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Repowering of Fossil Fuel Power Plants and Reversible Carbonation/Calcination Cycle for CO2 Abatement

[+] Author Affiliations
Jesús M. Escosa, Cristóbal Cortes, Luis M. Romeo

University of Zaragoza

Paper No. IMECE2005-79883, pp. 265-270; 6 pages
doi:10.1115/IMECE2005-79883
From:
  • ASME 2005 International Mechanical Engineering Congress and Exposition
  • Advanced Energy Systems
  • Orlando, Florida, USA, November 5 – 11, 2005
  • Conference Sponsors: Advanced Energy Systems Division
  • ISBN: 0-7918-4211-8 | eISBN: 0-7918-3769-6
  • Copyright © 2005 by ASME

abstract

Fossil fuel power plants account for about a third of global carbon dioxide emissions. Coal is the major power-generation fuel, being used twice as extensively as natural gas (IEA, 2003). Moreover, on a global scale, coal demand is expected to double over the period to 2030; IEA estimates that 4500 GWe of new installed power will be required. Coal is expected to provide 40% of this figure. It is thus obvious that coal power plants must be operative to provide such amount of energy in the short term, at the same time reducing their CO2 emissions in a feasible manner and increasing their efficiency and capacity. However, the main technologies currently considered to effect CO2 capture, both post-and pre-combustion, introduce a great economic penalty and largely reduce the capacity and efficiency. One of these technologies involves the separation of CO2 from high temperature flue gases using the reversible carbonation reaction of CaO and the calcination of CaCO3 . The process is able to simultaneously capture sulfur dioxide. The major disadvantage of this well-known concept is the great amount of energy consumption in the calcinator and auxiliary equipment. This paper proposes a new, feasible approach to supply this energy which leads to an optimal integration of the process within a conventional coal power plant. Calcination is accomplished in a kiln fired by natural gas, whereas a gas turbine is used to supply all the auxiliary power. Flue gases from the kiln and the gas turbine can substitute a significant part of the heat duty of the steam cycle heaters, thus accomplishing feed water repowering of the steam turbine. This novel CO2 -capture cycle is proposed to be integrated with aging coal-fired power plants. The paper shows that an optimal integration of both elements represents one of the best methods to simultaneously achieve: a) an increase of specific generating capacity in a very short period of time, b) a significant abatement of CO2 emissions, and c) an increase of plant efficiency in a cost-effective way.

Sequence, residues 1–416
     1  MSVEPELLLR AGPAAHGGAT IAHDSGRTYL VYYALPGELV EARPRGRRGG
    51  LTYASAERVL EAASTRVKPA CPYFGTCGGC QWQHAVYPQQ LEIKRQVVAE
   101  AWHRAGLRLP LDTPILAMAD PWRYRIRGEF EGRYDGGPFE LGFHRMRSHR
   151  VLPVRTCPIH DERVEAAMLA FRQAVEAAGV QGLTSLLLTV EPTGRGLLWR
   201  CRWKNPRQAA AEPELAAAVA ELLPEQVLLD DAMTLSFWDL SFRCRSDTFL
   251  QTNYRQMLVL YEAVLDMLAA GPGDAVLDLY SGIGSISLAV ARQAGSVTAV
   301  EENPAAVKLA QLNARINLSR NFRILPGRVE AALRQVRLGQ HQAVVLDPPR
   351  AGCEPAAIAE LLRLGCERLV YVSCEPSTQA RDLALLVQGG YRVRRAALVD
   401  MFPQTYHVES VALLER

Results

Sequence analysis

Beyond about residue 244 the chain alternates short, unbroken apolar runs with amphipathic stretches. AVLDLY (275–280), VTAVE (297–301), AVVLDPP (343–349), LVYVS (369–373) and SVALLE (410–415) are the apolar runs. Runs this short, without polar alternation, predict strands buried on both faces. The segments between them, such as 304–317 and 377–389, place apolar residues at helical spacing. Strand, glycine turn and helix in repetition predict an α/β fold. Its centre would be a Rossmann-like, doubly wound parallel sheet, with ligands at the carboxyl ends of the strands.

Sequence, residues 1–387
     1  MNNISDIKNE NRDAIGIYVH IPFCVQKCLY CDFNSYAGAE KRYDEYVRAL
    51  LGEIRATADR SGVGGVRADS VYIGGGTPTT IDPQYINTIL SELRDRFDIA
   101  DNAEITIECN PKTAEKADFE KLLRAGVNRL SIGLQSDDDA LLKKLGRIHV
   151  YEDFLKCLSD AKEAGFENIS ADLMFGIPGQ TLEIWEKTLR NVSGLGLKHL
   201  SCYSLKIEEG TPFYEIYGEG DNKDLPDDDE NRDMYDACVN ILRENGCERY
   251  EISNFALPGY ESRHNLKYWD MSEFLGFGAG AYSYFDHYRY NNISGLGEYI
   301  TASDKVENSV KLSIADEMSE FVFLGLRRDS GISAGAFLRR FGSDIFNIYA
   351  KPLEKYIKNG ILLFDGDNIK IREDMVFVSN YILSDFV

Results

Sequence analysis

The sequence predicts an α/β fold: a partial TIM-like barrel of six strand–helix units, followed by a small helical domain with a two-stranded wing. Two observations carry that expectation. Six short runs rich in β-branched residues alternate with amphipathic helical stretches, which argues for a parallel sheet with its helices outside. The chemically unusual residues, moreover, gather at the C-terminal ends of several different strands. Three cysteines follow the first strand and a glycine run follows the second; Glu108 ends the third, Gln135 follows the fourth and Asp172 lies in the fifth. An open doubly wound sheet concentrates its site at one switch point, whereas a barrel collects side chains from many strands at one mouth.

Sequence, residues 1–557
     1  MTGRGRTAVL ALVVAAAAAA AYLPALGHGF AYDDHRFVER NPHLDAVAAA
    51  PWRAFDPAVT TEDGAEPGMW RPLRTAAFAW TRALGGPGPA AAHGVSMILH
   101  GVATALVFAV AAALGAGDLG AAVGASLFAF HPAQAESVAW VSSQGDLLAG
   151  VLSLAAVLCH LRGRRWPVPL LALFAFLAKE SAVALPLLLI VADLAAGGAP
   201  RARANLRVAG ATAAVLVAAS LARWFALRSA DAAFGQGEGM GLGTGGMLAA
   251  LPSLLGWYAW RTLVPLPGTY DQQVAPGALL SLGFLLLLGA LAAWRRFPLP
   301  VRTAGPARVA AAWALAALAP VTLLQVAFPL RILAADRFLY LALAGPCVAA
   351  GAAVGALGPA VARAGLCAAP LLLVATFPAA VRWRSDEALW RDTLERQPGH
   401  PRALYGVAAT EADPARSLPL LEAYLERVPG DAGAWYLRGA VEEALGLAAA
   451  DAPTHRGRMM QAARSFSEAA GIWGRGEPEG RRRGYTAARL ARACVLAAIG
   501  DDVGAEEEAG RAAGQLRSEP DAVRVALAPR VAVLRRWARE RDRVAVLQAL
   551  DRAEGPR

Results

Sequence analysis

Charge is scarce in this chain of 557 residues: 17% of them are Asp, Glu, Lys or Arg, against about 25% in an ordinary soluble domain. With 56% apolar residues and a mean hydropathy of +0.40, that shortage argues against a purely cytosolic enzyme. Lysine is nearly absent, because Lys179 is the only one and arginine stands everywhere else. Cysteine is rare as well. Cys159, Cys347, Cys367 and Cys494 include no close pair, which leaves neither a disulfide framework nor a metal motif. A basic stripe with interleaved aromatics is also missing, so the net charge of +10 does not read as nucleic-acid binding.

Copyright © 2005 by ASME

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